SLURP allows the use of both surface water and groundwater for furrow or sprinkler irrigation as well as river and groundwater extractions for urban or industrial use at any part of the basin. Because SLURP is a distributed model, it can produce maps of basin-wide crop transpiration, soil evaporation and net runoff for use in performance evaluations of irrigation schemes or to investigate water availability.
Figure 4. Total transpiration, mm, Küçük Menderes Basin, 1995.
The effects of changes in atmospheric CO2 on plant water use efficiency may be included when evaluating the effects of climate change scenarios on water resources and on the various water users. Similarly, the areas of different land covers may be changed any time during a model run to allow investigation of the effects on water resources of changing both land cover and climate over time.
Applications of SLURP have been published for basins varying in size from prairie sloughs measured in a few hectares (Su et al., 1997) through small basins of the order of 250 square kilometers (Sabourin & Associates, 1996) and basins in the range of 7,500 - 35,000 km2 (Kite, 1993) to a macroscale basin of 1.8 million square kilometers (Kite et al., 1994).
Uses have included investigation of the effects of possible climate change on rivers flowing to the Arctic Ocean (Kite et al., 1994), studies of hydro power production in the Columbia River (Kite, 1997), in India (Jain et al., 1998) and in Turkey (Sorman and Uzunoglu, 1998), an evaluation of irrigation schemes in the context of basin water resources (Kite and Droogers, 1999), an estimation of irrigation performance statistics (Droogers, P. and G.W.Kite, 1999) and to investigate fisheries in the Mekong River (Kite, 2000).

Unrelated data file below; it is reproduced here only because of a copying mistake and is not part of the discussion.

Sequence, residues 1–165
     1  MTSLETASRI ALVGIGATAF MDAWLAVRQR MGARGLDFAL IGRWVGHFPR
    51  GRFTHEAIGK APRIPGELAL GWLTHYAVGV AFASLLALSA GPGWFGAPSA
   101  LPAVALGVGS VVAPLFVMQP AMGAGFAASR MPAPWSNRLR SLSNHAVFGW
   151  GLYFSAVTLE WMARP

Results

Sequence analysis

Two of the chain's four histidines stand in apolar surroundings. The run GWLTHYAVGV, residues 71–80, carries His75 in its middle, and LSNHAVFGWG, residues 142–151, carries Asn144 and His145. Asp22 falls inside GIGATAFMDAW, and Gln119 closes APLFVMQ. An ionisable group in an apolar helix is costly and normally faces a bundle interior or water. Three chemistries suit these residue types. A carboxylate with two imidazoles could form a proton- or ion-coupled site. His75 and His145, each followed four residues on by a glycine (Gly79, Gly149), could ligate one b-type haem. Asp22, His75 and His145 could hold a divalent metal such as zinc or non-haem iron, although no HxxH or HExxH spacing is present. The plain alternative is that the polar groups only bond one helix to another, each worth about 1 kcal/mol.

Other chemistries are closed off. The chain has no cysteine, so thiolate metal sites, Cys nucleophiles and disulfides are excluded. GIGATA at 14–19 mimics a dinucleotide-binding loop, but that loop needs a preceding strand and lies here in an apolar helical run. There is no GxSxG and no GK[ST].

Droogers, P. and G.W.Kite, 1999. Water productivity from integrated basin modelling. Irrigation and Drainage Systems, 13, 275-290.
Kite, G.W., 1978. Development of a hydrological model for a Canadian watershed. Canadian Journal of Civil Engineering, 5(1):126-134
Kite, G.W., 1997. Simulating Columbia River flows with data from regional-scale climate models. Water Resources Research, 33(6), 1275-1285.
Kite, G.W., 2000. Modeling the Mekong River. IWMI Working Paper, IWMI, PO Box 2075, Colombo, Sri Lanka.
Kite, G.W., A. Dalton, and K. Dion, 1994. Simulation of streamflow in a macro-scale watershed using GCM data. Water Resources Research, 30(5):1546-1559.
Kite, G.W. and P. Droogers, 1999. Irrigation modelling in the context of basin water resources. J. Water Resources Development , 15, 1/2, 43-54.
Sabourin, J.F. & Associates, 1996. Implementation of a distributed hydrologic model: Using SLURP on the Carp watershed. CCRS, Ottawa., 43pp.
Sorman, A.U. and E. Uzunoglu, 1998. Application of the SLURP model in snowmelt runoff predictions in eastern Turkey. Proc. Fourth International Workshop on Applications of Remote Sensing in Hydrology, Santa Fe, November, 1998, NHRI, Saskatoon, Canada.
Su, M., W.J. Stolte and G. van der Kamp, 1997. Modelling wetland hydrology using SLURP. Proc.Scientific Meeting of the Canadian Geophysical Union, Banff, Alberta, p. 198.